Bluey Lawsuit Cracks Down on Amazon, eBay, Everyone

in Disney, Television

Bandit in 'Bluey'

Credit: Ludo Studio

The Australian children’s show Bluey is a television sensation as is rarely seen in this day and age, a legitimate phenomenon that has enraptured kids across the globe and, by extension, the parents that need something to keep them occupied. As one could reasonably expect, the colossal popularity of Bluey comes with a lot of money, and, thus, legal issues.

Credit: Screenshot via BlueyTV

This time around, BBC Studios (a subsidiary of the British Broadcasting Company, which co-commissioned Bluey with the Australian Broadcasting Corporation) is cracking down on Walmart, Amazon, eBay, Alibaba, AliExpress,, Etsy, DHgate, and many other distribution companies. However, Bluey‘s beef is not with those companies directly, but with currently unknown parties.

Related: Why Adults Love ‘Bluey’

According to the lawsuit (per Newsweek), Bluey merchandise is being heavily counterfeited and sold by companies like Walmart and Amazon, which surely cuts into somebody’s profit margin. BBC Studios is demanding that those companies stop selling unlicensed Bluey products, which include everything from T-shirts to electric toothbrushes to coloring books.

At this point in time, it is unclear if BBC Studios (which owns the merchandising rights to Bluey) knows exactly who is manufacturing unlicensed cartoon dog pajamas (and other products), but it seems that the first step is to stop third-party companies from selling them.

Bluey and Bingo
Credit: Bluey TV

Bluey was created by Australian animator Joe Brumm and is produced by Ludo Studios; the series follows the adventures of the eponymous anthropomorphic Blue Heeler dog and her family and is deeply steeped in Australian culture and references, which makes its international success that much more surprising. The show first debuted in 2018 in Australia, immediately becoming a huge hit, and was optioned for distribution by the Walt Disney Company the following year.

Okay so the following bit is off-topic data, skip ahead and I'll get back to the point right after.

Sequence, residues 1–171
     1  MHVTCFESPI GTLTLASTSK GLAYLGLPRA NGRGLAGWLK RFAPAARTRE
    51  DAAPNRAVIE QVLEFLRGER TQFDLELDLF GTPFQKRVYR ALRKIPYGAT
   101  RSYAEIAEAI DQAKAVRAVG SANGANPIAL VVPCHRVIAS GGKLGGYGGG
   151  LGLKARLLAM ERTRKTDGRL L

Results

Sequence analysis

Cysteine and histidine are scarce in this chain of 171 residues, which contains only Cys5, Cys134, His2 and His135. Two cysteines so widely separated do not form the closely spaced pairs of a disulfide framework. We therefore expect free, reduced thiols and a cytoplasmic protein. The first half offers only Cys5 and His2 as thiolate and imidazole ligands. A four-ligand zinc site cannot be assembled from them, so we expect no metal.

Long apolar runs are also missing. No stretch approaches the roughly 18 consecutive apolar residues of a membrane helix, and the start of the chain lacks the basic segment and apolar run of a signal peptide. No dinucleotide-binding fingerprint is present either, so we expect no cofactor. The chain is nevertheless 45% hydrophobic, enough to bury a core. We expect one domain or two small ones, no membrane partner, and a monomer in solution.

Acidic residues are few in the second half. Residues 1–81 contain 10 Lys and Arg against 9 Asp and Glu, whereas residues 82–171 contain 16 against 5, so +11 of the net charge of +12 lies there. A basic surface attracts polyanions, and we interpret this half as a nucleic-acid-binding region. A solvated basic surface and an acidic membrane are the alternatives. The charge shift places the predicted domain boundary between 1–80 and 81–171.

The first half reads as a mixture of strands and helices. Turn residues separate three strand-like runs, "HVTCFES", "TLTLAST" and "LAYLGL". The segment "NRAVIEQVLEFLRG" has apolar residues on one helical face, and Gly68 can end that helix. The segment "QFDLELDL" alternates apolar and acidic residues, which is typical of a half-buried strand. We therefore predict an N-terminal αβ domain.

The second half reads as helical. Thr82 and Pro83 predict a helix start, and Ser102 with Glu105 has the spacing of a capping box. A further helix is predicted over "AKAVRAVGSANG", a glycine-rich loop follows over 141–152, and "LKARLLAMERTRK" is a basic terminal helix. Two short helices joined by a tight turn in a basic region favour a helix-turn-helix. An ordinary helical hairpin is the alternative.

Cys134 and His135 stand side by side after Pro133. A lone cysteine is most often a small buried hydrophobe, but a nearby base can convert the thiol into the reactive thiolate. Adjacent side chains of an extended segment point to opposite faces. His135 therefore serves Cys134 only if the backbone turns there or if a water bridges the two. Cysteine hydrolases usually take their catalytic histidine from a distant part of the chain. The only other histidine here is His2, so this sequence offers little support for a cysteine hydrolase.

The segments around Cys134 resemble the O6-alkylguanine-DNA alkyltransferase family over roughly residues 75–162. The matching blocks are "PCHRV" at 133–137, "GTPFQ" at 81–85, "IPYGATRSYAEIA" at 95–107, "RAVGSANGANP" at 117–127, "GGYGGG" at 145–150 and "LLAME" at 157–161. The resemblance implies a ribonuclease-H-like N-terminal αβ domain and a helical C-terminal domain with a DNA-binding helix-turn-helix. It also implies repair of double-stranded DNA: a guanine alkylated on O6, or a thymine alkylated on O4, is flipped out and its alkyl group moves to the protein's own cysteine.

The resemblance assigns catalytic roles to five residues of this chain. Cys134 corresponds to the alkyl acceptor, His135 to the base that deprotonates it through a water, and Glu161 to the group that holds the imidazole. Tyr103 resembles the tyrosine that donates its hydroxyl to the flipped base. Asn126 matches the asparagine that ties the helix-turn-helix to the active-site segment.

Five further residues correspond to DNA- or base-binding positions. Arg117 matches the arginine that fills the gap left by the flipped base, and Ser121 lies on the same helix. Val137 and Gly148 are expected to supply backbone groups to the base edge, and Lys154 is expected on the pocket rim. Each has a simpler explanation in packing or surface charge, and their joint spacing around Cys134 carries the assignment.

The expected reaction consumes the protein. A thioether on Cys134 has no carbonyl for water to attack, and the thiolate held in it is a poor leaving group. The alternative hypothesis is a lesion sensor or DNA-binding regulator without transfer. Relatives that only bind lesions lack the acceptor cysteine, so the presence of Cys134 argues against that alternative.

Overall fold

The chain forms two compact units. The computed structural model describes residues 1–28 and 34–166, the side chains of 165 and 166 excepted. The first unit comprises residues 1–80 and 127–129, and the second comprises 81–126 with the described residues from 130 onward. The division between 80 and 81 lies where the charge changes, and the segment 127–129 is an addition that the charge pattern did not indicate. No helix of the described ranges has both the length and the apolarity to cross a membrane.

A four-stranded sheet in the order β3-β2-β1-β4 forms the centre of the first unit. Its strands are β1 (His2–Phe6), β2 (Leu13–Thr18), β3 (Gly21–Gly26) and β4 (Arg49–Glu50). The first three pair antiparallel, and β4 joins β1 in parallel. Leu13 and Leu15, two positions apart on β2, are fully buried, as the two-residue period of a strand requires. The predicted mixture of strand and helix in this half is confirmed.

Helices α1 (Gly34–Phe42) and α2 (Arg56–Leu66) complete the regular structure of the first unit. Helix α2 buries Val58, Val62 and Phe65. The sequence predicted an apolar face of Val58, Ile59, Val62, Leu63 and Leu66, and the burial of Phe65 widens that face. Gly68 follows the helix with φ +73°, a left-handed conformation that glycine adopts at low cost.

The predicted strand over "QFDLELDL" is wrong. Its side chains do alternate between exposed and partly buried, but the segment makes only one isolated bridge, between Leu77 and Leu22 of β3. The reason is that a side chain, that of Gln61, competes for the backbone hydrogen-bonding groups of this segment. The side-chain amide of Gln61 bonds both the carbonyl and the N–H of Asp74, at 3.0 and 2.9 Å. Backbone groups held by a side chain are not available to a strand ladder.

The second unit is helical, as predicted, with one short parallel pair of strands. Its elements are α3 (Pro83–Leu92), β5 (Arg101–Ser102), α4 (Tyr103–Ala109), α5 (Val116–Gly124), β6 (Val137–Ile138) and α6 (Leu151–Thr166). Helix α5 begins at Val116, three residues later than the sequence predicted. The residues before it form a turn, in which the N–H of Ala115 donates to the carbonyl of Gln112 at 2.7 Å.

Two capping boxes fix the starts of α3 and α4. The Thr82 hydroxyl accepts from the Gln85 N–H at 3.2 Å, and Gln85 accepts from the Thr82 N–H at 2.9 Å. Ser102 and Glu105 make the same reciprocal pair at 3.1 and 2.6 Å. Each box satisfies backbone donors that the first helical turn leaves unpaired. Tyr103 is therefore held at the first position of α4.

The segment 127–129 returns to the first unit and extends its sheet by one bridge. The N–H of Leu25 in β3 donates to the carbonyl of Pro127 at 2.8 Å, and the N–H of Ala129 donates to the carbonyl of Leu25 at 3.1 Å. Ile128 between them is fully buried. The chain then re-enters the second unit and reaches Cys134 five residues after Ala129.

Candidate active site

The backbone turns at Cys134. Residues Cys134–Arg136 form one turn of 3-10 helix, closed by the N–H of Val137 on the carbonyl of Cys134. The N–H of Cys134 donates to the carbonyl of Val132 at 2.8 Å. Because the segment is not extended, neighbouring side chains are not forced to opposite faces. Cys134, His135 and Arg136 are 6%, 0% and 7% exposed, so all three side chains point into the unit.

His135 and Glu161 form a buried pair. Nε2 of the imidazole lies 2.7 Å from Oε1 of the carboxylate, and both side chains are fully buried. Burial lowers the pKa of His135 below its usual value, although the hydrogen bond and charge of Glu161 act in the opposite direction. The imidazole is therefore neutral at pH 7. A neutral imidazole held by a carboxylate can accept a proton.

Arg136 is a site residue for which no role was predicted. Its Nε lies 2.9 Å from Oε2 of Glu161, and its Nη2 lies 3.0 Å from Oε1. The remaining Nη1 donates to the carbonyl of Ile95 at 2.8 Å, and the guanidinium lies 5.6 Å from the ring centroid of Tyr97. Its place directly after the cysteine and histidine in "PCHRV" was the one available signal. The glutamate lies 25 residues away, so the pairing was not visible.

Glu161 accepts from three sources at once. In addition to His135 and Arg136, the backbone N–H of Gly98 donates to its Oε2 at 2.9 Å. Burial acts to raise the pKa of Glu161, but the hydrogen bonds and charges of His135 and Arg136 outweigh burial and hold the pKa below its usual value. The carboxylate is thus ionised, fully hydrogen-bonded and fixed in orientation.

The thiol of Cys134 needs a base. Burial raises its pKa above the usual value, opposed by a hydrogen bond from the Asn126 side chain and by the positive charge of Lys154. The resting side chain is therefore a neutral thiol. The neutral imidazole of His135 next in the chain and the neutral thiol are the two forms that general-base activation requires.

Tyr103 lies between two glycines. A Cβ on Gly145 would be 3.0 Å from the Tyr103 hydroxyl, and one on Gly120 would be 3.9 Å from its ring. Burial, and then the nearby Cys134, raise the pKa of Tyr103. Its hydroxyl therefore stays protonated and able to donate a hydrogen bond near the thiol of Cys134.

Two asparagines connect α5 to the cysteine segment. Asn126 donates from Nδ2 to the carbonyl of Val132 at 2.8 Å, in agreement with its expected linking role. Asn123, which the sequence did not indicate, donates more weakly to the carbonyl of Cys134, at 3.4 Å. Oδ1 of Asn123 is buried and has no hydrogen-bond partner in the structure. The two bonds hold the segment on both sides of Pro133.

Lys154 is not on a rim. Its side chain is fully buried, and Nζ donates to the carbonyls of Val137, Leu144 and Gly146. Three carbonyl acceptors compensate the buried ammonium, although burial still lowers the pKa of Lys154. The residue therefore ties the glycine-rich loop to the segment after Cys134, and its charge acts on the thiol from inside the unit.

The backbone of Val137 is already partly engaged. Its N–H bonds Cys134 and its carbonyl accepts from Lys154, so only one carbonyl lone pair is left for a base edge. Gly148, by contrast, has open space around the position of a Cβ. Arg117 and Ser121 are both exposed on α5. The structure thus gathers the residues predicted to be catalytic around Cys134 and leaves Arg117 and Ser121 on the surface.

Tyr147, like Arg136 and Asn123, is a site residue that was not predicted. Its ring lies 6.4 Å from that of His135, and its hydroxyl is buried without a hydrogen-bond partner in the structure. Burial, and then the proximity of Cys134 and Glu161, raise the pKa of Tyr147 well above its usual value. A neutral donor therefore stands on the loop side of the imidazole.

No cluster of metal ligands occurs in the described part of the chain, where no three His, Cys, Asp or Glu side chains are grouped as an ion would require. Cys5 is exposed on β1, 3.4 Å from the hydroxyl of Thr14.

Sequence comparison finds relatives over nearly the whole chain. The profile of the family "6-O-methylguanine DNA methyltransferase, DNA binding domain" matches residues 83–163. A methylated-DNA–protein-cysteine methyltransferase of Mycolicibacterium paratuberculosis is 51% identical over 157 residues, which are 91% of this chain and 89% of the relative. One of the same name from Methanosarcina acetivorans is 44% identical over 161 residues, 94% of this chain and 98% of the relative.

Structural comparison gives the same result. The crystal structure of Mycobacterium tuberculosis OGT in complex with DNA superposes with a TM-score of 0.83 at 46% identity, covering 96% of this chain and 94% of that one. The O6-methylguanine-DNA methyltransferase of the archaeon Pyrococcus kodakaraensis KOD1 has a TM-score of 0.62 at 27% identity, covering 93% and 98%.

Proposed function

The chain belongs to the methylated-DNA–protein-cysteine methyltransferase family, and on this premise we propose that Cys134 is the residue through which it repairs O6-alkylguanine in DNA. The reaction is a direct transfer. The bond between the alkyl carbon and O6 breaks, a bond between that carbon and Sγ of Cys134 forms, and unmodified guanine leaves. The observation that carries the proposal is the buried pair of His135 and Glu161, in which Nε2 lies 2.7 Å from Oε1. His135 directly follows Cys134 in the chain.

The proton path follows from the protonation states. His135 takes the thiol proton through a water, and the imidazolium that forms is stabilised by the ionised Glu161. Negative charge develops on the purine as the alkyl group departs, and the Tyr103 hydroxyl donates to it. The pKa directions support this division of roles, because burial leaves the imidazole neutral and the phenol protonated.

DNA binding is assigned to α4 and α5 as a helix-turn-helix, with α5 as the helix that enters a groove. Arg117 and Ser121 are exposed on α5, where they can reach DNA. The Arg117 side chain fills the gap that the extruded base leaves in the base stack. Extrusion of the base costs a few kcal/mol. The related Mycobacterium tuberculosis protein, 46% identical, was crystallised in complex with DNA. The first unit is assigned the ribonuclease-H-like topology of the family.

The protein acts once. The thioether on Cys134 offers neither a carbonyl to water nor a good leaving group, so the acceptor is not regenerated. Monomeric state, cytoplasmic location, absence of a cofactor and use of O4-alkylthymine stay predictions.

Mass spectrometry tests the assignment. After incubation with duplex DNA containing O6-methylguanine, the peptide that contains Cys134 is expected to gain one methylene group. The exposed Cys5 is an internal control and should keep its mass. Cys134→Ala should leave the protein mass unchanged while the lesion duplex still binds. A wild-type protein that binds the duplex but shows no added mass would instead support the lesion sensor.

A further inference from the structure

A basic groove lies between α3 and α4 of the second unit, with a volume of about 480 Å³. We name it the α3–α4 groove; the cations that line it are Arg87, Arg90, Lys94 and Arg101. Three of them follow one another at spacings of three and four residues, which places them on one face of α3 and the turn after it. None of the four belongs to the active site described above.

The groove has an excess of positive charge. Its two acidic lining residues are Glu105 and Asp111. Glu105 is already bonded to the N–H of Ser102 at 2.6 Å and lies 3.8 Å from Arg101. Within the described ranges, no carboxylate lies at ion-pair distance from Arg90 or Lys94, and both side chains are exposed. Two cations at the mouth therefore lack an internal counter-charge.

Related: Who’s Really Watching ‘Bluey’?

Currently, Bluey is broadcast in the United States on Disney Junior and is available for streaming on Disney Plus in all markets except Australia, New Zealand, and China. The show’s three seasons (or series, if you’re somewhere in the Commonwealth) have been critically acclaimed, insanely popular, and produced tie-in products like books, clothing, children’s furniture, and even a stage play titled Bluey’s Big Play.

In other words, Bluey is a pretty massive piece of highly profitable IP, so it makes sense that BBC Studios would do everything in its considerable power to crush counterfeiters.

Sometimes it seems that IP has only really made it when high-profile lawsuits get involved, such as Pixar’s currently unfolding lawsuit regarding Toy Story 3‘s Lots-o’-Huggin’ Bear (which is alleged to infringe on a real-life hugging bear toy) or restaurant Cracker Barrel’s imminent legal issue with Disney. Welcome to the club, Bluey.


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